U.S., its difficult to find a cement with a fineness of less than 360 m2/kg. Given that coarser cements are not readily available, the next question is whether the use of finer cements produces adverse effects in concrete. When high temperatures are produced in a curing concrete element, three issues of major concern are thermal cracking, reduced ultimate (in-place) strengths, and delayed ettringite formation (DEF).4

    A ReAl-WoRld exAmpleIn fall 2006, the Port Authority of New York & New

    Jersey (PANYNJ) was assigned the task of building the Freedom Towernow called Tower Oneat the World Trade Center site in New York City. The tower foundations, which required 12,000 and 8500 psi (83 and 59 MPa) concretes, were under construction at the time. The cementitious material contents for the 12,000 and 8500 psi (83 and 59 MPa) mixtures were respectively 1250 and 1040 lb/yd3 (742 and 617 kg/m3), and the portland cement contents were respectively 700 and 520 lb/yd3 (415 and 309 kg/m3). The foundations exhibited significant cracking within the first 48 hours. The internal temperature of an 8500 psi (59 MPa) foundation placement made in November 2006 was monitored and found to have reached about 170F (77C) at 24 hours, remaining above 160F (71C) for more than a week (Fig. 3). PANYNJ was alarmed that such a high temperature had been reached in November. What would the internal cure temperatures be in the summer months?

    The tower core and structural walls for the tower are up to 6 ft (1.8 m) thick. For these, the concrete temperature rise was restricted to 160F (71C) to minimize strength reduction and the potential for DEF; the temperature difference between the core and surface temperatures was restricted to 35F (19C). The tower core required a 14,000 psi (97 MPa) mixture. Before the mixture was approved, 6 x 8 x 10 ft (1.8 x 2.4 x 3 m) blocks had to be placed and the temperature rise recorded, with companion test cylinders being made for determining strength and modulus of elasticity. The evaluated concrete mixture proportions and mechanical properties measured at 56 days are given in Table 1.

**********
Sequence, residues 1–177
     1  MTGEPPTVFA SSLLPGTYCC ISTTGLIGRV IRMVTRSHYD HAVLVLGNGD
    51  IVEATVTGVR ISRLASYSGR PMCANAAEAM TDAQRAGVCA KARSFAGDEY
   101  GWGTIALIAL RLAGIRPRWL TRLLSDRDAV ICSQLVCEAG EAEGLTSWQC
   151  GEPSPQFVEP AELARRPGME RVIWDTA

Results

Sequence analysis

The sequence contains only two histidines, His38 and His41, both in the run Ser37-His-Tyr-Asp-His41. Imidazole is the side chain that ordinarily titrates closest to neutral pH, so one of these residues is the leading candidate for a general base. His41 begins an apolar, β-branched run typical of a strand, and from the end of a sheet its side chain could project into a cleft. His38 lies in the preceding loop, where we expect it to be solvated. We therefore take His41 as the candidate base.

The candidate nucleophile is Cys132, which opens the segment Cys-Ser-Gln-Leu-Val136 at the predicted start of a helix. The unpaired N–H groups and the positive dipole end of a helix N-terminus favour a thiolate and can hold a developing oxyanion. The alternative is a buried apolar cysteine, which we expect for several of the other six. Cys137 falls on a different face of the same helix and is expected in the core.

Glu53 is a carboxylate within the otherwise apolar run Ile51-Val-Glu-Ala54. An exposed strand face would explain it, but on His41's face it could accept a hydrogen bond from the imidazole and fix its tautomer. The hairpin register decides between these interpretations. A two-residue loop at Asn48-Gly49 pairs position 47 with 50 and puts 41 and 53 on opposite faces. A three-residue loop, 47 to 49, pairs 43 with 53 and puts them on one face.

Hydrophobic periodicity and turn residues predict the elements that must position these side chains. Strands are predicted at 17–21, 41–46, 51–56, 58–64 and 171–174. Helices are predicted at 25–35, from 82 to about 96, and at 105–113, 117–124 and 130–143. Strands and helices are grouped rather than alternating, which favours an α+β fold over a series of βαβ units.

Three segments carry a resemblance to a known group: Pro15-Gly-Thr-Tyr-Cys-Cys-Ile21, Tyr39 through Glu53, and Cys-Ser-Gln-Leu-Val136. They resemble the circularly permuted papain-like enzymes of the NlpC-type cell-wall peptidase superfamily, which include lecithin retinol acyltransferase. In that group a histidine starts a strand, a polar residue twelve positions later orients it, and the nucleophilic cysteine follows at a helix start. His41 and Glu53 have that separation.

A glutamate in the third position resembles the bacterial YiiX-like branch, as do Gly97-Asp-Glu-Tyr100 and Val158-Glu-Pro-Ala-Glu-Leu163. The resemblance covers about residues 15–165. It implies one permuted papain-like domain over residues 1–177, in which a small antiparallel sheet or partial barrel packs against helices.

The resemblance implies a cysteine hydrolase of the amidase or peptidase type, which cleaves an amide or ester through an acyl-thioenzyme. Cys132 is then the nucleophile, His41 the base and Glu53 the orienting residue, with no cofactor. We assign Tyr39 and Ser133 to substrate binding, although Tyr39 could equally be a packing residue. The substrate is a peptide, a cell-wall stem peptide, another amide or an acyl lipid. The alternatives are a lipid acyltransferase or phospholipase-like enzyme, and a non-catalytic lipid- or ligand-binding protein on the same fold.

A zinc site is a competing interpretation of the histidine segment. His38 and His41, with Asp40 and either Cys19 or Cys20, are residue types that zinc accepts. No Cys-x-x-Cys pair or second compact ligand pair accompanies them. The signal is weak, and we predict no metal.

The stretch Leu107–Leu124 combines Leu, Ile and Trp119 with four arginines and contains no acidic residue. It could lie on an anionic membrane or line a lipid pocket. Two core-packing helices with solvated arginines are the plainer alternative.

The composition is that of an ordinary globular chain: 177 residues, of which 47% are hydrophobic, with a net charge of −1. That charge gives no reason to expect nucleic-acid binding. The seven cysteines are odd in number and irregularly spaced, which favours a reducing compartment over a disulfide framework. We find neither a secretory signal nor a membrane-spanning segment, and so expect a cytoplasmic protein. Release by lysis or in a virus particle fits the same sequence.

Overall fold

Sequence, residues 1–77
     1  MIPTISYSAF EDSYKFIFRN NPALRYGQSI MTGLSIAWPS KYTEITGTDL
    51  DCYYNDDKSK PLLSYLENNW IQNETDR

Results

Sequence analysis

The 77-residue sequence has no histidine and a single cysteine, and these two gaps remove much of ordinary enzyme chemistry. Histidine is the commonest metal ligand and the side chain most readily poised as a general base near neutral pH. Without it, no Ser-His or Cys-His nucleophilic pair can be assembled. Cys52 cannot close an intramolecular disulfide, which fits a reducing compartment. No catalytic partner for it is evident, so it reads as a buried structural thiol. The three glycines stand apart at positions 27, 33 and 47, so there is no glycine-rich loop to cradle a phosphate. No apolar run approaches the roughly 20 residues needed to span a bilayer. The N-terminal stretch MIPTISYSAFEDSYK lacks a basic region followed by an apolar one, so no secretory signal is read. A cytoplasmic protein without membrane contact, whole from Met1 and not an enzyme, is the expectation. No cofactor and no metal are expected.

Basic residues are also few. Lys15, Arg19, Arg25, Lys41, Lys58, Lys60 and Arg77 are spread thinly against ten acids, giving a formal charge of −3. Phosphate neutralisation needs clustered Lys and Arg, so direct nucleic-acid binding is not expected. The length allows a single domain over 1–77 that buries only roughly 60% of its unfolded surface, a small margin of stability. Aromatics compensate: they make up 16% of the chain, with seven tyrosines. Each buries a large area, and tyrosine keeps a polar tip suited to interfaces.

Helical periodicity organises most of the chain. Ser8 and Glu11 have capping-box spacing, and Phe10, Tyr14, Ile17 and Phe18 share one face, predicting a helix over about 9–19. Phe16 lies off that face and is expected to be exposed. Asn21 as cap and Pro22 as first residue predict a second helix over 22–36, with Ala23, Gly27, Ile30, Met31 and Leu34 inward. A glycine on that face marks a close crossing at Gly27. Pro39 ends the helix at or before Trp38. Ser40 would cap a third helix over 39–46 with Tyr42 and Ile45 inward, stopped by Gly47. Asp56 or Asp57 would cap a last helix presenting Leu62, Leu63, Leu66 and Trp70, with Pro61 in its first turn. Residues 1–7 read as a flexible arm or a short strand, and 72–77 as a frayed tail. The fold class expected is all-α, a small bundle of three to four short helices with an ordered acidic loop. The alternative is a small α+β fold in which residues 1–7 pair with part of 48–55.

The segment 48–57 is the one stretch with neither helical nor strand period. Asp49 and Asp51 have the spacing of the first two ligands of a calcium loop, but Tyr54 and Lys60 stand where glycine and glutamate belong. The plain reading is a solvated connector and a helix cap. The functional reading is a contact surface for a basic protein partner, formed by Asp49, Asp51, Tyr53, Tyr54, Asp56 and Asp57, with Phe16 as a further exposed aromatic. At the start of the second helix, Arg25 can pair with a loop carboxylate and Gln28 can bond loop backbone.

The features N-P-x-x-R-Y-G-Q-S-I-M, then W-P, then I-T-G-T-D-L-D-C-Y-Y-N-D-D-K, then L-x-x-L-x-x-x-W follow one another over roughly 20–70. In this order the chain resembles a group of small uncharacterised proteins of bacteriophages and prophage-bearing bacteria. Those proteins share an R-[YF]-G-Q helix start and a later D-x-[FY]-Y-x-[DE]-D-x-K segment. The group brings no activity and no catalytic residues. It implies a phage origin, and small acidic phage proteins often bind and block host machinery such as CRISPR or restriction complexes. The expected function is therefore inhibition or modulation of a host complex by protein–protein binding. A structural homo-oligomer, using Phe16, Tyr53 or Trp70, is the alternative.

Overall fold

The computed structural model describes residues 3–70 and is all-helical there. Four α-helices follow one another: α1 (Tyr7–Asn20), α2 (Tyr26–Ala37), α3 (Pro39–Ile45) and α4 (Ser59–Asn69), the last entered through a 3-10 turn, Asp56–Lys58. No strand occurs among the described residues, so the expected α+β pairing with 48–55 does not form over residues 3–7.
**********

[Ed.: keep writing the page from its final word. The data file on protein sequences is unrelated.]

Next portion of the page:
The core temperature profiles for the mixtures are given in Fig. 4. Mixture 1 had a cement content of 695 lb/yd3 (412 kg/m3) and reached a peak temperature of 182F (83C) in 24 hours. Mixture 2 had 264 lb/yd3 (157 kg/m3) of cement and reached a peak temperature of 162F (72C) in 40 hours. Based on these results, Mixture 2 was selected.

    After about 6 months, 4 in. (102 mm) diameter cores were taken from the center of the blocks and 1 ft (0.3 m) from an outside face by vertically drilling from the top. Horizontal cores were also taken. All of the core results

    Fig. 2: Mortar cube compressive strength versus heat release at three different ages for mortars prepared with different fineness cements.3 For each data series, fineness increases from left to right, with measured average particle sizes of 17.8 m, 12.5m, 11.2 m, 9.1 m, 7.9 m, and 6.8 m (1 m = 3.9 105 in.)

    Fig. 3: Mass concrete core temperature

  • Concrete international / January 2011 43

    for a given mixture were very consistent, as indicated by their respective strength ranges. For Mixture 1, the compressive strengths ranged from 12,320 to 12,880 psi (85 to 89 MPa) with an average of 12,640 psi (87 MPa). This was 30% lower than the 56-day results for corre-sponding cylinders cast on the day of the placement and cured in accordance with ASTM C31. The cores from Mixture 2 averaged 15,780 psi (109 MPa) with a range of 15,470 to 16,380 psi (107 to 113 MPa). This was 9% lower than the 56-day cylinders cast on the day of the placement.

    The strength differences between cores and cast cylinders were attributable to three potential primary factors: consolidation, damage to cores during drilling, and the curing temperature during the initial 24 hours. Consolidation should not have been a significant factor because the concrete blocks contained no reinforcement and the mixture was placed at about an 11 in. (280 mm) slump. To assess how much reduction in strength was potentially due to coring for a nominally 14,000 psi (97 MPa) concrete mixture, PANYNJ cast 10 in. (254 mm) slabs in the laboratory with companion cylinders being cast; both cylinders and slabs were cured in the laboratory in accordance with ASTM C31. Four inch (102 mm) diameter cores were taken from the slabs at 7 and 56 days. The cores taken at 7 days were also cured in accordance with ASTM C31. The 56-day compressive strengths produced by the cores and companion cylinders were virtually the same. Therefore, the lower core strengths taken

    from the original mock-up were not due to coring issues and were most likely due to the higher temperatures in the blocks (as the concrete was not cured in accordance with ASTM C31).

    The adverse effects of high curing temperatures during the initial week should be considered when specifying high-strength and/or mass concrete. This is in agreement with the Portland Cement Associations Design and Control of Concrete Mixtures,